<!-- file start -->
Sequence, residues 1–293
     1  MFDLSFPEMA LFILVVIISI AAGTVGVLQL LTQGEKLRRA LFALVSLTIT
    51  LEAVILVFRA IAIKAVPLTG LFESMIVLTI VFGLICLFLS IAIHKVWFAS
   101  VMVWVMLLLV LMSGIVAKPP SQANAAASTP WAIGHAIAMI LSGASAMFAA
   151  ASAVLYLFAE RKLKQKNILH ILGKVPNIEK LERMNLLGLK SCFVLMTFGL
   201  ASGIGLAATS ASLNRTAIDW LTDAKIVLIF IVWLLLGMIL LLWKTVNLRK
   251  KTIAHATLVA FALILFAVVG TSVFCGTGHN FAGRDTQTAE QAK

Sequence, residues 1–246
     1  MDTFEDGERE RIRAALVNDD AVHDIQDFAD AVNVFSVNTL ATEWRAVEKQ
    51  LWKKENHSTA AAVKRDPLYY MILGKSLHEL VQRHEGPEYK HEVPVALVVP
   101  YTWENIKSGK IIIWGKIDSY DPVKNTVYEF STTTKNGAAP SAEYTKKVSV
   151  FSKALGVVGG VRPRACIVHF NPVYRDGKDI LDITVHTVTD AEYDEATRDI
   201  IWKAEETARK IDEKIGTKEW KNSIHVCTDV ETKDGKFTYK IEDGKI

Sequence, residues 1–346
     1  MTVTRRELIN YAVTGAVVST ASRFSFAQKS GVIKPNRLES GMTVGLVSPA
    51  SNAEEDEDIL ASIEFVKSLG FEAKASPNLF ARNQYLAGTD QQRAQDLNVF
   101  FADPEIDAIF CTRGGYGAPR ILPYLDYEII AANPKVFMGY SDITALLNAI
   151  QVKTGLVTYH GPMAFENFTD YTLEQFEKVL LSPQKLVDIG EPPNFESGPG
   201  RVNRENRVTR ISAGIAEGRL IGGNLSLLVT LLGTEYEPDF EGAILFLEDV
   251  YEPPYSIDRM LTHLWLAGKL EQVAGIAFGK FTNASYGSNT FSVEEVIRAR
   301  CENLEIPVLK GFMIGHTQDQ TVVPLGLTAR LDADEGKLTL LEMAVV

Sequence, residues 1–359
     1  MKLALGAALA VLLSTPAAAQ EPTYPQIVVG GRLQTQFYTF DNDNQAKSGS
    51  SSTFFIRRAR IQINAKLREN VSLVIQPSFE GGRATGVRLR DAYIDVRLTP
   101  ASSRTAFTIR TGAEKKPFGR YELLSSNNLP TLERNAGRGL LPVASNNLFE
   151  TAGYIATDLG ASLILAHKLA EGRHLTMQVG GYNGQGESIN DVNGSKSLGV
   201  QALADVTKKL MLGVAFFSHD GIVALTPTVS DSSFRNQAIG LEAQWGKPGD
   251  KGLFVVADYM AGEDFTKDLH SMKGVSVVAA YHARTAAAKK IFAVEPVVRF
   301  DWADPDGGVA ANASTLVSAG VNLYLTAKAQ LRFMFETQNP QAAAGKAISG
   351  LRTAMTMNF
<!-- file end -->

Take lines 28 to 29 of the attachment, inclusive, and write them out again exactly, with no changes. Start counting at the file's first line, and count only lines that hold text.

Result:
   251  KGLFVVADYM AGEDFTKDLH SMKGVSVVAA YHARTAAAKK IFAVEPVVRF
   301  DWADPDGGVA ANASTLVSAG VNLYLTAKAQ LRFMFETQNP QAAAGKAISG